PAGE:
Joe Biden has nominated former Mastercard CEO Ajay Banga to lead the World Bank — the first time a credit card executive has been chosen for the spot. The nomination comes as Biden pitches himself as a defender of American consumers and an enemy of the banking industry.
“Ajay is uniquely equipped to lead the World Bank at this critical moment in history,” Biden said in a statement on Thursday. “… he also has critical experience mobilizing public-private resources to tackle the most urgent challenges of our time, including climate change.”
Banga’s nomination comes less than a month after Biden pitched himself to the American public as an economic populist defending consumers against the often-predatory banking industry in his State of the Union address.
“We’ve reduced exorbitant bank overdraft fees, saving consumers more than $1 billion a year. We’re cutting credit card late fees by 75 percent, from $30 to $8,” Biden said:
Junk fees may not matter to the very wealthy, but they matter to most folks in homes like the one I grew up in. They add up to hundreds of dollars a month. They make it harder for you to pay the bills or afford that family trip. [Emphasis added]
I know how unfair it feels when a company overcharges you and gets away with it. Not anymore. We’ve written a bill to stop all that. It’s called the Junk Fee Prevention Act. [Emphasis added]
Firms like the Consumer Bankers Association, which lobbies lawmakers on behalf of Mastercard, have tried to pour cold water on the Consumer Financial Protection Bureau’s rule that would cap late fees at $8.
“This announcement is just the latest example of the Bureau seeking to advance a political agenda that will harm, rather than help, the very people they are responsible for serving,” an executive with the Consumer Bankers Association said following the proposed rule.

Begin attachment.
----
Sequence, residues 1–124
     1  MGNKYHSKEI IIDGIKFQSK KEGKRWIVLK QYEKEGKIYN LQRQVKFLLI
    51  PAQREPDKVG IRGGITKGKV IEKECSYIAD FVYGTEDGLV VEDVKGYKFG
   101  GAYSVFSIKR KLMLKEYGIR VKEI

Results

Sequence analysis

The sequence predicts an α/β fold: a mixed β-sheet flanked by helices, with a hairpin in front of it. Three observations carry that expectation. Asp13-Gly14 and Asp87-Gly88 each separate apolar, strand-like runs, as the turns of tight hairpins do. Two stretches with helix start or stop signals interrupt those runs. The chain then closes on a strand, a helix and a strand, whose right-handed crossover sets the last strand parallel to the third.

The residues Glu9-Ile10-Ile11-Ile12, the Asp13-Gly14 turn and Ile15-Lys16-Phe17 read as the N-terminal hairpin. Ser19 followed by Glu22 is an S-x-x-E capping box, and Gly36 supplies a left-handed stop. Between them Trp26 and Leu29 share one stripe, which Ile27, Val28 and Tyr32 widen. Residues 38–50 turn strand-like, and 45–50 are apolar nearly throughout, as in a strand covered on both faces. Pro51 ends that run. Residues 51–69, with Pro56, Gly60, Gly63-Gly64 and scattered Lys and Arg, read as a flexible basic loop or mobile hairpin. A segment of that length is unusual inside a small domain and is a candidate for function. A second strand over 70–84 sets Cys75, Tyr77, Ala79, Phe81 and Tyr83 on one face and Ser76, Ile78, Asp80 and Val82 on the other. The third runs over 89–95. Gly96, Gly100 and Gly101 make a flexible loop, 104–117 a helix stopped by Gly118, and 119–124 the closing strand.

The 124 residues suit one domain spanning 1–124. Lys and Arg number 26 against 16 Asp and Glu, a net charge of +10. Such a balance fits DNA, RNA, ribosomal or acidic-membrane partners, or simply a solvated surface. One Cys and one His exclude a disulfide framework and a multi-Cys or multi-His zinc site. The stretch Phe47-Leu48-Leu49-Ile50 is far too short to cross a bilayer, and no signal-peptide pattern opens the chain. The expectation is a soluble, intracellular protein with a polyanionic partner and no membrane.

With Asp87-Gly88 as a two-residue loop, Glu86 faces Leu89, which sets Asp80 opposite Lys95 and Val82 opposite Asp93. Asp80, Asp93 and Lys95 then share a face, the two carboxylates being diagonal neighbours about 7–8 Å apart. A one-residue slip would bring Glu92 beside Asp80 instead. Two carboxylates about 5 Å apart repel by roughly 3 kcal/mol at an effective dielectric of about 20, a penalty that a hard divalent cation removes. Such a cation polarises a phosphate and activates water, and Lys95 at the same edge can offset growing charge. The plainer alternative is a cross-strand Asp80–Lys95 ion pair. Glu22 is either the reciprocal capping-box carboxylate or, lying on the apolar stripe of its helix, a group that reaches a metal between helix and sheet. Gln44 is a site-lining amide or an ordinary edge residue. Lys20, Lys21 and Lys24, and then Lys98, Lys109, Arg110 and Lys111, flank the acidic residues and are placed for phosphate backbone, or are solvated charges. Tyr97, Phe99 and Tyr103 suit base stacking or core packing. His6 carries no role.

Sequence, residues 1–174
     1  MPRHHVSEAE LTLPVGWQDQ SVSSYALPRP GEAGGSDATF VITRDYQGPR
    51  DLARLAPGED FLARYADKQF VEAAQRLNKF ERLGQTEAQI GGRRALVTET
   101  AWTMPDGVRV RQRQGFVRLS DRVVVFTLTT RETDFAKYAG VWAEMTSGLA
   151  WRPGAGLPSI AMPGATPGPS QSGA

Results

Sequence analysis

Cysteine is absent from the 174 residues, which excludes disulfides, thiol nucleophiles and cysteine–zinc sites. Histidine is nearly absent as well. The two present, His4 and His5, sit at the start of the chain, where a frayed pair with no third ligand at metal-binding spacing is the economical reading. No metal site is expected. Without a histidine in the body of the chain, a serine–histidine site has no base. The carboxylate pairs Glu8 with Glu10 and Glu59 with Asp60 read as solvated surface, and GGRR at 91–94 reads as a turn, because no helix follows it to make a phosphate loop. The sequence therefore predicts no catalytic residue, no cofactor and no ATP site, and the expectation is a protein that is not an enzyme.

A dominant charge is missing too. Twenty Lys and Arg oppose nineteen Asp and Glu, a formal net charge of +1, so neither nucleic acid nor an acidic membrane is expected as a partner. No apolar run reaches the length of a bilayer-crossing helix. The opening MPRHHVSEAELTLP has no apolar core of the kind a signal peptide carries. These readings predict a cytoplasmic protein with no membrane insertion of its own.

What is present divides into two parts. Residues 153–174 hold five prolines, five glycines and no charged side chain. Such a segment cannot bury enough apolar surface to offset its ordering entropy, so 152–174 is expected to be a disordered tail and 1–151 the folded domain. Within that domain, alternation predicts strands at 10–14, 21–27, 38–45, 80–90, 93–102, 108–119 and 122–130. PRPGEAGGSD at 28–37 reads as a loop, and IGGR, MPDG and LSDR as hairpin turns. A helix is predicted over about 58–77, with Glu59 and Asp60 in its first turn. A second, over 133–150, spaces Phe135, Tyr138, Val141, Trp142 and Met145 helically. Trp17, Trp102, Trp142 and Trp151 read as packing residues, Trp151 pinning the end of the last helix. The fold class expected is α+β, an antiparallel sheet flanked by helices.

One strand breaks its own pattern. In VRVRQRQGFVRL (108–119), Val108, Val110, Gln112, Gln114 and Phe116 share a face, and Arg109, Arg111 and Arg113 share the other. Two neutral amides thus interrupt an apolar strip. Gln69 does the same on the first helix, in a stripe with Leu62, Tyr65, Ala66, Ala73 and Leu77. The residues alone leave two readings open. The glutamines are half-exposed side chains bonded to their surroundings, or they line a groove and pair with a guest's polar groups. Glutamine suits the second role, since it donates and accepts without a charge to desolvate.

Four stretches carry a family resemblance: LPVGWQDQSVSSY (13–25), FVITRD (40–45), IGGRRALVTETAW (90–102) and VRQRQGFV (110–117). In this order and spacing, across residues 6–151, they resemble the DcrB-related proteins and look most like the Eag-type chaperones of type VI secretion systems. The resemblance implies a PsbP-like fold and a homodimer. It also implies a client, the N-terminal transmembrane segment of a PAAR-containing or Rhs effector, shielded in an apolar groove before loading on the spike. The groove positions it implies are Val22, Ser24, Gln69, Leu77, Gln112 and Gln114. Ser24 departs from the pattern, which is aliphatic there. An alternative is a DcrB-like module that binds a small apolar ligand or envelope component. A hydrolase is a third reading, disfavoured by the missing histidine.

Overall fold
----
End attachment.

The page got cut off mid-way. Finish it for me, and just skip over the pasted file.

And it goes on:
Credit card companies like Mastercard and Visa are estimated to charge Americans more than $30 million every day in late fees. Annually, these companies rake in $12 billion from late fees alone.
While Banga was head of Mastercard, the federal government concluded that the company had made a number of “preventable failures” where customers were unable to use their prepaid debit cards to make payments on bills or get their paychecks. Mastercard, along with UniRush, was ordered to pay $10 million in restitution and fined $3 million.
Biden’s rebrand as an enemy of the banking industry comes as he has been accused for decades of doing the bidding of the nation’s biggest credit card companies who often served as major donors to his political campaigns.
In August 2019, Breitbart News reported how Biden sided with MBNA, a top donor and later acquired by Bank of America, to pass legislation that tightened financial regulations making bankruptcy more difficult. The legislation, eventually signed into law, is widely seen to have benefited credit card companies at the expense of consumers.
MBNA, at the time, was the nation’s largest issuer of credit cards and became Biden’s biggest donor throughout his nearly 40-year political career. From 1996 to 2006, MBNA employees donated more than $212,000.
Sen. Elizabeth Warren (D-MA), long considered one of the Senate’s leading consumer advocates, blasted Biden in early 2019 for his relationship with credit card companies.
“At a time when the biggest financial institutions in this country were trying to put the squeeze on millions of hardworking families,” Warren said of the 2005 bankruptcy legislation. “Joe Biden was on the side of the credit card companies.”
Biden’s son, Hunter Biden, was being paid at least half a million dollars by MBNA as a consultant at the time the then-Delaware Senator was promoting the bankruptcy legislation that had MBNA’s backing.
Hunter Biden worked at MBNA as an executive but left the company in 2001, which is when his sweetheart consultant gig with the firm began. After the bankruptcy legislation was signed into law in 2005, Hunter Biden’s contract with MBNA ended.